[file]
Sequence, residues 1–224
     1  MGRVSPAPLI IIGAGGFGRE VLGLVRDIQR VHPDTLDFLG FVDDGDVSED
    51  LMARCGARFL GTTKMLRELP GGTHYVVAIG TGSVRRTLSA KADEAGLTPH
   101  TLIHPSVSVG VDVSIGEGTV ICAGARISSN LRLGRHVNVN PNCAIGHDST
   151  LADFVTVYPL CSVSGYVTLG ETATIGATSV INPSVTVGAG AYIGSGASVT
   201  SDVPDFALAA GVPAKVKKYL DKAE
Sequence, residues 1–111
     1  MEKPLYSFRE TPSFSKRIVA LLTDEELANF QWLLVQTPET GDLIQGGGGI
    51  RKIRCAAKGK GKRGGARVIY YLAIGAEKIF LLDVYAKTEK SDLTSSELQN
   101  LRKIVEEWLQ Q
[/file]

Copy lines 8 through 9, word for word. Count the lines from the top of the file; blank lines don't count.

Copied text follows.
     1  MEKPLYSFRE TPSFSKRIVA LLTDEELANF QWLLVQTPET GDLIQGGGGI
    51  RKIRCAAKGK GKRGGARVIY YLAIGAEKIF LLDVYAKTEK SDLTSSELQN